How Gen Z Is Shaping The Future Of Atlanta Retail

  • October 21, 2019 at 12:30 PM EDT
  • By Retail TouchPoints Team
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By Jessica Branch, Franklin Street

Throughout history, new generations have come along
with fresh attitudes and expectations that differ from those of previous
generations. By taking a deeper dive into the demographics and psychographics of
Generation Z, retailers can alter the way they utilize their brick and mortar
locations and the function of these stores in driving overall sales. 

Gen Z is increasing demand for experience and thought leadership within Atlanta’s
fast-growing retail scene. These digital-age youths, who are quickly on track
to become the largest generation of consumers, have traits that are a
combination of those from previous generations. Most importantly, they are heavily
influenced by technology, especially when it comes to retail shopping.

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Consumers
in this generation have a deep appreciation for brands with which they can
interact, relate and contribute. Gen Z cares genuinely about product quality, product
availability, store ambiance and shopping experience. They love collaborative
environments and customer engagement. Gen Z includes many college students or
recent graduates and they are an emerging presence in the local consumer market.
In 2017, NerdWallet ranked Atlanta as one of the top 10 cities for graduates due
to the abundance of jobs in high tech and the reasonable cost of living. 

Atlanta ranks among the top 20 metro areas in the U.S. for manufacturing jobs,
making it easier for both headquarters and startups to do business in the
market because the city is an entrepreneurial hub for more than 1,000 tech
startups. Atlanta retailers are adapting to this new reality, which has caused
landlords to grow more receptive towards short-term leases (or pop-up shops) to
activate many of the projects around the town. Retailers are changing their
approach to creating community-oriented spaces where customers want to gather
and hang out, such as food halls and brand collaborations. 

Meanwhile, the city’s mall owners are focusing on leasing former big-box anchor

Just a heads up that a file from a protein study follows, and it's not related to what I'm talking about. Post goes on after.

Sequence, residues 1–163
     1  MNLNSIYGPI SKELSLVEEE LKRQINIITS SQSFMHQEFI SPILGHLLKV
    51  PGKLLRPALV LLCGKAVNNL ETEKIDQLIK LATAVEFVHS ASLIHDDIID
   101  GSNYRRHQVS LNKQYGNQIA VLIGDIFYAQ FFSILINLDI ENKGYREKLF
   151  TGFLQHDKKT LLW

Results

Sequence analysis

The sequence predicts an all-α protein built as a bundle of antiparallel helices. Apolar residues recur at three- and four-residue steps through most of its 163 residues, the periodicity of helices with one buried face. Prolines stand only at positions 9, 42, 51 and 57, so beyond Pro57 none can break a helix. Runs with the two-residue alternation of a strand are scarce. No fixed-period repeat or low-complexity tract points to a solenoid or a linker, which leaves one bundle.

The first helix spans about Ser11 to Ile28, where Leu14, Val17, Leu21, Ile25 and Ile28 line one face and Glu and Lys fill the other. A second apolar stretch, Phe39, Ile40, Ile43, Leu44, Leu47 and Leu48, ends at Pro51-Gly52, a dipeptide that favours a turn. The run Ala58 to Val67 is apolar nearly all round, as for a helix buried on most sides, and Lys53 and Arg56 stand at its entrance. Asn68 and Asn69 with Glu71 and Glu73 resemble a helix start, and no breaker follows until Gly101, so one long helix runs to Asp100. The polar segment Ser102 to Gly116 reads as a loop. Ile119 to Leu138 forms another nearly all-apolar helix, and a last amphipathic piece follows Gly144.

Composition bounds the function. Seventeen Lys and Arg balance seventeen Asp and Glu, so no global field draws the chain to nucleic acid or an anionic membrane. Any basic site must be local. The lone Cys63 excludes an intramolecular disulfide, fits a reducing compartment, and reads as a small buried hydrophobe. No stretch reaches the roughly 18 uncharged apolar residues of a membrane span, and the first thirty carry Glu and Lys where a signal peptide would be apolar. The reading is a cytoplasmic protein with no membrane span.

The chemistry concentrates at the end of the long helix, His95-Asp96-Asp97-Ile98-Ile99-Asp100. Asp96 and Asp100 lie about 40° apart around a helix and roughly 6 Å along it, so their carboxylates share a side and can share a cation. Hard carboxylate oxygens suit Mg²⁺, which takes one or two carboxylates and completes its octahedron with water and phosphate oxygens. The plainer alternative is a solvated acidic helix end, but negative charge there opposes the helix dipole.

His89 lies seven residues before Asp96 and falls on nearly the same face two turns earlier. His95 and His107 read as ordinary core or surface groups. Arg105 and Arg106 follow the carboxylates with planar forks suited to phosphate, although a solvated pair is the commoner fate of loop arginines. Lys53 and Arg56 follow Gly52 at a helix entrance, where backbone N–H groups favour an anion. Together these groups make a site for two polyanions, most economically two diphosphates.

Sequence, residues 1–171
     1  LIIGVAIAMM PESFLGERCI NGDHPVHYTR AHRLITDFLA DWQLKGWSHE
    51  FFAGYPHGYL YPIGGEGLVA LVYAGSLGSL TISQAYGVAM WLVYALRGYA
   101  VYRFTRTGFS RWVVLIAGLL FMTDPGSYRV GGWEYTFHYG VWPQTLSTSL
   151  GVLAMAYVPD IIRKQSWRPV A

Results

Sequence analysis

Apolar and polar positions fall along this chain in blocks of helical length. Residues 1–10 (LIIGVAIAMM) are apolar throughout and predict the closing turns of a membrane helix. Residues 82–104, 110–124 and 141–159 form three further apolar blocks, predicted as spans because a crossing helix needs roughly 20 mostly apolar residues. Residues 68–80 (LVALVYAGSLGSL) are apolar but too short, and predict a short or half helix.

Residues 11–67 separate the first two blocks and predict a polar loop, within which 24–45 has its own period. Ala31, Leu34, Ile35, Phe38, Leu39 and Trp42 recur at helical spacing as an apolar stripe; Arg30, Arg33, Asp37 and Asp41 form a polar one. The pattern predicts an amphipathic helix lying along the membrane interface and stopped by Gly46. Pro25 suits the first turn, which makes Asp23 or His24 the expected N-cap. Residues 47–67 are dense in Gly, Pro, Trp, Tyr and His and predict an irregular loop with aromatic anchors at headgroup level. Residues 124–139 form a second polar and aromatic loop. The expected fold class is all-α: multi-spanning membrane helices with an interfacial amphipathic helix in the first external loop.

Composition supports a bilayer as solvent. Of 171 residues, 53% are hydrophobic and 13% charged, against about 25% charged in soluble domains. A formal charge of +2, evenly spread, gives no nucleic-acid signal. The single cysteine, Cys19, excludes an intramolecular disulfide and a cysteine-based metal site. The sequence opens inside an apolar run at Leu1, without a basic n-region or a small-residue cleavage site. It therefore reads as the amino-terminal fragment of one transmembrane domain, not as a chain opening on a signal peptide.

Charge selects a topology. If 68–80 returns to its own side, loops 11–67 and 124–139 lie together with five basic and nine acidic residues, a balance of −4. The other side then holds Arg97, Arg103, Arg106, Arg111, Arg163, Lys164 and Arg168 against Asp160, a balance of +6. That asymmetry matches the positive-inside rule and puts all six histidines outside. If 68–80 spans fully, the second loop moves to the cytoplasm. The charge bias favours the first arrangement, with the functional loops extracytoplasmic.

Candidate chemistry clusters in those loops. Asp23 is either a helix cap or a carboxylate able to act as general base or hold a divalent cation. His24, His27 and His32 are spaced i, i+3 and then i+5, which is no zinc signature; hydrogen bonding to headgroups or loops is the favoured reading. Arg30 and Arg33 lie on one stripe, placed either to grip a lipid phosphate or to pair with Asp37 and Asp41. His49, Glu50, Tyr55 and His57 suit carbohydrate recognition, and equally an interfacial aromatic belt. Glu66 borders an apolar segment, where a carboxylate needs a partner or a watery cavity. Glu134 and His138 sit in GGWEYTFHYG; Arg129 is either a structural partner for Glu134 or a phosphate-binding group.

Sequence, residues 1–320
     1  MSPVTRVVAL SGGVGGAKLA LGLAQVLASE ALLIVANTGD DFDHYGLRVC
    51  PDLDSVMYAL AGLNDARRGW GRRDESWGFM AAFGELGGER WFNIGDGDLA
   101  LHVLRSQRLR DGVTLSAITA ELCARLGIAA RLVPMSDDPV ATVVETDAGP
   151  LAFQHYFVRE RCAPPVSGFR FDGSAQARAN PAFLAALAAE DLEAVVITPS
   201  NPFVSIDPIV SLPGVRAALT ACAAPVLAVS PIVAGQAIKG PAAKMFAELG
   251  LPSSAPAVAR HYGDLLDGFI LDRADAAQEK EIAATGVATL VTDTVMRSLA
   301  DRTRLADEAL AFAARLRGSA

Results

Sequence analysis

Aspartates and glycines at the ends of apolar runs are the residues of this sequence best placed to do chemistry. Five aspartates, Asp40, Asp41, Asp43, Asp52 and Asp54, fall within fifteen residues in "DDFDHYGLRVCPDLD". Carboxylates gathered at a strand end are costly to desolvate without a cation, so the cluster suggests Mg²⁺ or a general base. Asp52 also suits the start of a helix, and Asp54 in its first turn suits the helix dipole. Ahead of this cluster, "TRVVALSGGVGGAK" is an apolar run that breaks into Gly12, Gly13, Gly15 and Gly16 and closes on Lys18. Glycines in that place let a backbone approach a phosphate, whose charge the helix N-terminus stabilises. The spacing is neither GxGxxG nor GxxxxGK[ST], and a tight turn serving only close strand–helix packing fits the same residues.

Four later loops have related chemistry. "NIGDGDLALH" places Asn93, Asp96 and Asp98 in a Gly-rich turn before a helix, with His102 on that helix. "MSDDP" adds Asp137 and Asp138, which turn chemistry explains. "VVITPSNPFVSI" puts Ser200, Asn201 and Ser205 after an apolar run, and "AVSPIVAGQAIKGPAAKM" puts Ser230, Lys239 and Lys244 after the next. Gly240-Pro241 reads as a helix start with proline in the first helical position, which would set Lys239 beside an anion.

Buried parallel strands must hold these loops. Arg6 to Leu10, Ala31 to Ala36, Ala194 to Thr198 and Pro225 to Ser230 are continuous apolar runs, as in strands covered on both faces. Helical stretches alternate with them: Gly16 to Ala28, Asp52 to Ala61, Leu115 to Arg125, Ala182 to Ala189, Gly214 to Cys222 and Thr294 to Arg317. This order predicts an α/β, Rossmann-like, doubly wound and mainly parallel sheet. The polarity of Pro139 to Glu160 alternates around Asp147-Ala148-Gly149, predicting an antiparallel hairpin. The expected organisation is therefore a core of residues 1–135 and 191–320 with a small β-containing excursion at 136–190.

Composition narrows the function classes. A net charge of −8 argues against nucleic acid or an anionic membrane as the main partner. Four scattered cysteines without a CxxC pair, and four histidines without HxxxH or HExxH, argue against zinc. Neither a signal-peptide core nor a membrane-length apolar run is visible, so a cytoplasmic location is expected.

stores with entertainment concepts and coworking spaces to create a demand for these
consumers. By thinking about what attracts Gen Z, owners are leasing newly
renovated and demised spaces to unique interactive users, coworking spaces and
chef-driven restaurant spots to create a new, fresh and memorable destination.

We have seen more mixed-use projects develop across the city that incorporate “live,
work and play” all in one place. A developing example is the $55 million Georgia
World Congress Center expansion that will add 1 million square feet of exhibit
space, various new restaurant concepts and a luxury hotel opening in 2021. In
these situations, the effort is to create a more unique shopping and entertainment
experience for locals and tourists.

Some of the key variables we look for when identifying
opportunities for retailers that strive to capture this new generation are:

  • Highly
    trafficked areas with dense residential and daytime population;
  • Level
    of walkability and access to mass transit, such as bus, rail or even new
    technology like Bird scooters;
  • Projects
    that bring new concepts and amenities to areas that are rapidly growing and
    attractive to young professionals; and
  • Markets
    that capture both daytime and nightlife customers.

In conclusion, one size will not fit all in Atlanta’s
real estate market, and supply will need to match this rapidly changing demand.
Gen Z’ers, with an ingrained affiliation toward social media, are going to
change the world to their liking, so retailers need to shape their strategies
accordingly in order to capture their spending habits.

Jessica Branch is a Senior Associate with
Franklin Street’s Retail Tenant Services
team focusing on tenant representation in Atlanta and working with a variety of
commercial real estate owners and developers. Branch specializes in
retail/restaurant leasing and site selection for local, regional and national
retail clients. In addition, she is a board member of the Young Atlanta Real
Estate Alliance.

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